Corn Hybrid Selection

Originally written February 1, 2006 | Last updated February 23, 2014

Kinds of Corn 

Hybrids and varieties differ primarily in kernel starch.

Specialty Corns

  1. Marketing niche hybrids - Amylomaize (high amylose), waxy, high-protein (lysine), high-oil, White and yellow food, high available phosphorus, silage, sweetcorn, and popcorn
  2. Management tool hybrids - imidazolinone (IT/IR), Bt-CB, Bt-CR, glyphosate resistant (RR),  glufosinate resistant(LL), sethoxydim resistant (SR), "stacks"

DENT

  1. 2/3 of starch is hard and 1/3 is soft
  2. Dent caused by shrinkage of soft starch in crown as kernel dries. Surrounding hard starch shrinks less
  3. 95%+ of US corn is dent corn

   

SWEET CORN

  1. Endosperm contains water soluble reducing sugar instead of starch
  2. Plants are leafy and tend to tiller
  3. Leading states are WI, MN, and IL

FLINT

  1. Very hard kernels, entire crown is hard starch
  2. Grown where season is too short for dents
  3. Kernels resist insect damage, but may be difficult for animals to digest

FLOUR

  1. Starch is soft and easily ground into meal
  2. Surrounded by thin layer of hard starch
  3. Widely grown by American Indians

POP

  1. Closely related to flint, but higher % of hard starch in pop corn
  2. Moisture in each starch grain expands with heating
  3. Good popper expands to 24X or more of its original volume
  4. Popcorn Institute; 401 N. Michigan; Chicago, IL  60611-4267 (312) 644-6610

POD

  1. Each kernel is surrounded by husks
  2. No economic importance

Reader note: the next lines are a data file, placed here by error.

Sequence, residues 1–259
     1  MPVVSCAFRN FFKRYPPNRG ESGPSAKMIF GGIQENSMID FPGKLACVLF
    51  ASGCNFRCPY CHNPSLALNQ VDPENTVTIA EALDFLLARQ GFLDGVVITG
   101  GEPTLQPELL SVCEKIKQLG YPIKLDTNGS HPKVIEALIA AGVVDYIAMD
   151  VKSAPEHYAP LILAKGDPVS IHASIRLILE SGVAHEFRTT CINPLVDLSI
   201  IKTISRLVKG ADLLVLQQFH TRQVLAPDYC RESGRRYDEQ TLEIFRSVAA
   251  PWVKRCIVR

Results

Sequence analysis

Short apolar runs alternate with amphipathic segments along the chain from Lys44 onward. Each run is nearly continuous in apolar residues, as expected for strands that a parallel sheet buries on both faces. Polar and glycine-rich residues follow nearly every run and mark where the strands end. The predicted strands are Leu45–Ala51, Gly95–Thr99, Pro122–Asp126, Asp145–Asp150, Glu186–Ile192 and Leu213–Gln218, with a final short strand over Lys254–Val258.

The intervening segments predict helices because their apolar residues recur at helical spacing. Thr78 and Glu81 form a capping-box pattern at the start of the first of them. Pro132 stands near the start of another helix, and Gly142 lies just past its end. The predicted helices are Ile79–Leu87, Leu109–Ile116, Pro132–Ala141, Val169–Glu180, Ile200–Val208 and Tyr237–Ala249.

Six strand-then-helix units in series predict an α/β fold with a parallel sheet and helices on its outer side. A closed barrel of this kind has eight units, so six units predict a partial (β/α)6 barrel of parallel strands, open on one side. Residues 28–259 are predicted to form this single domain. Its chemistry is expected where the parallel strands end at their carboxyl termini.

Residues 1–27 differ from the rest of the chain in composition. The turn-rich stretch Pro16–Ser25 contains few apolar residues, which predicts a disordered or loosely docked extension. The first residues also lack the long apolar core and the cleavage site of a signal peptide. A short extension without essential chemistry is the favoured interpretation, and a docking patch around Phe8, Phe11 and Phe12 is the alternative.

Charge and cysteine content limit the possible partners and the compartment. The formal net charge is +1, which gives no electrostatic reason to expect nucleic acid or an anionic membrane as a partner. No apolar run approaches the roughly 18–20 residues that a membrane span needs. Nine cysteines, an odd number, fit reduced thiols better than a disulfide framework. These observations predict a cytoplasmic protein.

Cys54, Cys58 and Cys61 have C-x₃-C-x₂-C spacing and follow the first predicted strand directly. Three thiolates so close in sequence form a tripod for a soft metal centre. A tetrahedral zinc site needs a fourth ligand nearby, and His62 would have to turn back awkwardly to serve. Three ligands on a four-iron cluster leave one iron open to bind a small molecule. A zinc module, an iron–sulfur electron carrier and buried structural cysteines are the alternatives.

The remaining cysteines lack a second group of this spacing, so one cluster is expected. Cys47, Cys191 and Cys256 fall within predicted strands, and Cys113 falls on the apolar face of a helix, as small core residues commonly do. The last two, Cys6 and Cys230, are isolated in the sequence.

HIGH-OIL 

  1. Larger germ than normal corn
  2. 2x more oil content

WAXY

  1. Special kind of starch with a waxy (shiny) appearance
  2. Normal corn starch: 72% amylopectin (branched chain), 28% amylose (straight chain)
  3. Waxy starch: 100% amylopectin
  4. Introduced from China more than 90 yrs ago by an observant Presbyterian minister in Shanghai who noted its unusual endosperm
  5. Endosperm stains light red (Normal endosperm = dark blue)
  6. Slight improvement over dents in feeding value for fattening cattle 
  7. Increased in popularity in US after SCLB epidemic in 1970
  8. No difference between dent and waxy corn in yield
  9. Used in food products (pie thickener and tapioca pudding) and industrially (glue for stamps and envelopes)

Selection Criteria

Important traits and characteristics that a variety or hybrid must have before it can be grown on-farm. 

Example: For corn use a Performance Index = PI

  1. Yield potential: PI = 50 %
  2. Maturity (moisture): PI = 35 %
  3. Standability: PI = 15 %
  4. Quality
  5. Other factors
Criteria for Grain Hybrids Criteria for Silage Hybrids
Grain yield Forage yield
Grain moisture Forage quality (i.e. Starch content, NDFD, and NDF)
Plant lodging Disease and Insect resistance
Disease and Insect resistance Plant lodging
Grain quality (i.e. Test weight, kernel breakage susceptibility) Forage moisture
Other factors Other factors

Yield potential and performance consistency

PI = 50 %

  1. Information sources
  2. Top performances - What is your yield potential?
  3. Importance of using multi-location averages and PI

Maturity (moisture) 

PI = 35 %

Full season hybrid or variety: A hybrid or variety that uses (or requires) the entire available growing season to reach physiological maturity before killing frost or cool temperatures end the growing season.

Often has better yield potential than a shorter-season hybrid.

Full-season maturity depends upon:

  1. Growing season temperature GDD
  2. Soil type / texture / topography
  3. Tillage system
  4. Previous crop
  5. Planting date

Percentage of farm in various maturities depends upon:

  1. When you start planting
  2. How fast you plant
  3. Acres to plant
  4. Days available / needed for spring fieldwork before planting
  5. Drying costs
  6. How fast you harvest, haul and dry
  7. Days available / needed for fall fieldwork after harvest
  8. Corn silage / high moisture grain acres
  9. Your desire to take risks. Example: Suggested maturity ratios - conservative vs. risky
    • 50 % full-season (plant first)
    • 30 % mid-season
    • 20 % short-season

Relative maturity switch dates

  1. Plant Full-season hybrids until May 10
  2. Plant Mid-season hybrids from May 10 to May 25